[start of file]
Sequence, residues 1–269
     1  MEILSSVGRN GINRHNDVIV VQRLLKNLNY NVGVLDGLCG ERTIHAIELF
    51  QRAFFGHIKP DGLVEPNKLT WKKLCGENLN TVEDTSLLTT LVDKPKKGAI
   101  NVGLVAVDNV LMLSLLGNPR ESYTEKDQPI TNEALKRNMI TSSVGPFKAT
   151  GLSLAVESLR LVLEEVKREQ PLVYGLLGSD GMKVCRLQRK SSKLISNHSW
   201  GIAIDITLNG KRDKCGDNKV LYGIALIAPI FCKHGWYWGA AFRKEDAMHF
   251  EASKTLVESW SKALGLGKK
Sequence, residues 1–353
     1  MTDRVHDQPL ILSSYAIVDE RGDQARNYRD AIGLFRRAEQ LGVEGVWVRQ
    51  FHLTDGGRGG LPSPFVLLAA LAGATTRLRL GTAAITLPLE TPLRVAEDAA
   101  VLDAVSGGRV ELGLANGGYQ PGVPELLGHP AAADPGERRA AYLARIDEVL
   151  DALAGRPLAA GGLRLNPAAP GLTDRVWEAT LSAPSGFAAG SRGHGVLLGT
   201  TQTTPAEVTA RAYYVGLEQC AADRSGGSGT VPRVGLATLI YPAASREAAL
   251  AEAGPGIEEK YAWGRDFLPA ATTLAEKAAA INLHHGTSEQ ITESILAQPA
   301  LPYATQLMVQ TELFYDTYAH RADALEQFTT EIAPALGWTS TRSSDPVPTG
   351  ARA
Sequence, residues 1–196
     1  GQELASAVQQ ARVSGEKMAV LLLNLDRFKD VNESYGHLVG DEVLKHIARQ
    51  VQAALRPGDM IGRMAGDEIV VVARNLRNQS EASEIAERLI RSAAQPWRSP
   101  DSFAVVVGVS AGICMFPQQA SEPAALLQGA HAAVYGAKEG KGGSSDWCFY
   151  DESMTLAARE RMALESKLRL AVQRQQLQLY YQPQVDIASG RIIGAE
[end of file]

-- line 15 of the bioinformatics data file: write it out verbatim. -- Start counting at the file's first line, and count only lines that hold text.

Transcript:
   301  LPYATQLMVQ TELFYDTYAH RADALEQFTT EIAPALGWTS TRSSDPVPTG